Johnson pounces on Hamlin slide, Harvick penalty

Denny Hamlin’s race began with a slide through the grass and

ended in disappointment.

There was a moment when it looked as if Kevin Harvick had a shot

at winning the race – and maybe even the championship – but his

hopes were snuffed out by a NASCAR penalty.

And Jimmie Johnson was ready to pounce on his two championship

rivals’ mistakes, finishing second in Sunday’s season finale at

Homestead-Miami Speedway to win his fifth straight NASCAR Sprint

Cup series title.

While waiting for their postrace news conference to begin,

Harvick watched Johnson celebrate on a nearby television. Hamlin

stared off into space.

”You know, it’s so many turning points in this Chase where it

can go one way or the other or in anybody’s favor,” Hamlin said.

”Just think about all of the situations you wish you could go back

and change.”

Instead, nothing has changed: Johnson remains NASCAR’s champion,

and the No. 48 team its dominant force.

”Those guys put up a great fight, and when it’s that close,

it’s got to sting,” Johnson said. ”I respect those guys.”

Harvick recovered from a pit road speeding penalty to finish

third, but that wasn’t enough. Hamlin finished 14th after making

contact with Greg Biffle on lap 24 and sliding through the grass,

and it wasn’t enough to preserve the 15-point championship lead he

held going into the weekend.

”We just tried to patch it and work on it the best we could but

it just wasn’t the car that it was at the beginning,” Hamlin said.

”It’s just part of racing.”

Hamlin spent this week fending off some good-natured, but

pointed, verbal jabs from Johnson and Harvick – and didn’t seem to

enjoy it. Still, he insisted he wasn’t nervous until just before

the race started.

Then came the early accident with Biffle, which damaged the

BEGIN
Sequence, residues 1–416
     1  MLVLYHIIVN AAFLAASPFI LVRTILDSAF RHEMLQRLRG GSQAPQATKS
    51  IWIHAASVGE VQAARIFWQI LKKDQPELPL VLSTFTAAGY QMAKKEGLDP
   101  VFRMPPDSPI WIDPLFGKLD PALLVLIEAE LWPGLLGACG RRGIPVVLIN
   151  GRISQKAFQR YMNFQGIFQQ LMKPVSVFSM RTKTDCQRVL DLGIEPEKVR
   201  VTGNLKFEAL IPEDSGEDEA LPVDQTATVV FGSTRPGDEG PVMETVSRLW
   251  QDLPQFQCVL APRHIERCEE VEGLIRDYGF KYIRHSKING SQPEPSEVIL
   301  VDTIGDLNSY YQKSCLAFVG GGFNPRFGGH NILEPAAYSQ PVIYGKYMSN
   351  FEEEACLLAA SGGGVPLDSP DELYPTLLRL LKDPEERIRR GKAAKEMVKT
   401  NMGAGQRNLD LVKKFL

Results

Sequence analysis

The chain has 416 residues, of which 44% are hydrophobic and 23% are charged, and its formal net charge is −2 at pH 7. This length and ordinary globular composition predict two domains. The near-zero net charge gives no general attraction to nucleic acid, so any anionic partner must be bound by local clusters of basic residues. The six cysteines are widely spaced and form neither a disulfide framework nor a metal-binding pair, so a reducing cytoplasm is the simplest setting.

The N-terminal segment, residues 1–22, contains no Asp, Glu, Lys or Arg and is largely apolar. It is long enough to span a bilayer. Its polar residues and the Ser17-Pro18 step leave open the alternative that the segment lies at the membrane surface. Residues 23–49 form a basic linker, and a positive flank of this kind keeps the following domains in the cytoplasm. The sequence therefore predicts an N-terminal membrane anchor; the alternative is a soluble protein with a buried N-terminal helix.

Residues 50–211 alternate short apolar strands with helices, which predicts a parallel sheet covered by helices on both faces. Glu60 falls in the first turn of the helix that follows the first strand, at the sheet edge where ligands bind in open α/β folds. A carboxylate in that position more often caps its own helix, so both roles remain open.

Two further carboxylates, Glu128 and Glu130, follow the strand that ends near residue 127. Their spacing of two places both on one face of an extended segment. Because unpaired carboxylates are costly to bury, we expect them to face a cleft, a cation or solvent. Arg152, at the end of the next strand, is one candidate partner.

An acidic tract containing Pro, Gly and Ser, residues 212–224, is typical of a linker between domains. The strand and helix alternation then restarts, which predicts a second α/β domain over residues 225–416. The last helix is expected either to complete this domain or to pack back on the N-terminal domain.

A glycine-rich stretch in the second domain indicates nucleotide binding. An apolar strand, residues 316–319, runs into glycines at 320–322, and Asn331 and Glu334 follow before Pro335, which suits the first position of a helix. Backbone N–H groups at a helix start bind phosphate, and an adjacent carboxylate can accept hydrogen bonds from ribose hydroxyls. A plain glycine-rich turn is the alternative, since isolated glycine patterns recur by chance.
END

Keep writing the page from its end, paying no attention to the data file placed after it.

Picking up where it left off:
front-end bodywork and sapped some speed from what had been a fast

race car.

”It looks like I was on the inside of him and somebody went

three wide on him right at the last minute, and he came down and

got into our right front,” Hamlin said. ”Nobody’s fault, at

all.”

Meanwhile, Harvick’s pit crew appeared to give him the race lead

– and a leg up in the championship – on a late round of pit stops.

But NASCAR penalized him for entering pit road too fast.

Harvick fumed over his in-car radio and didn’t back down when

asked about the penalty after the race, questioning the integrity

of NASCAR’s pit road speed monitoring system.

”I don’t think that penalty will ever settle in my stomach,”

Harvick said. ”When you read me off of my pit road times of 49.6,

49.4 50.8 and then 49.6, and there’s only a handful of (officials)

that get to see them, I won’t ever settle for that.”

NASCAR wasn’t the only target of Harvick’s ire after the

race.

Harvick collided with Kyle Busch in the late stages of the race,

sending Busch’s car into the wall on the frontstretch. Busch drove

back onto the track but his car caught on fire, and he had to stop

and get out.

”Just a guy that doesn’t have his head on straight,

apparently,” Busch said.

Harvick wasn’t happy with the way Busch, a teammate of Hamlin’s

at Joe Gibbs Racing, was treating him on the track.

”He just raced me like a clown all day.” Harvick said. ”Three

wide, on the back bumper, running into me. And I just had

enough.”

Hamlin snapped back at Harvick.

”Sounds like (how) your teammates raced me all day,” Hamlin

said.

Harvick got the last word.

”I just parked yours,” Harvick said.

Hamlin almost had to park his own car after making contact with

Biffle early in the race. He went sliding through the grass but

regained control of his car and managed not to slide back up into

traffic.

”Immediately when you’re spinning you think, ‘OK, it’s over,”’

Hamlin said. ”And you run a couple of laps and it’s like, ‘It’s

not terrible and maybe we can come back from it.”’

Hamlin’s crew made repairs during a long pit stop. While the car

was fast enough for him to eventually climb back into the top 10

and put some pressure on Johnson’s championship hopes, the timing

of the caution flag that came out after Harvick’s accident with

Busch essentially ended Hamlin’s championship chances.

”When that caution fell, it trapped us a lap down, and so they

stayed out and the cars at the back all came and got tires, so it

separated us,” Hamlin said. ”What was a straightaway (behind

Johnson and Harvick) turned into 15 spots when that caution flew,

and that really hurt us quite a bit. But we were lucky to be in

that position, where our car was banged up bad and we just could

not overcome that.”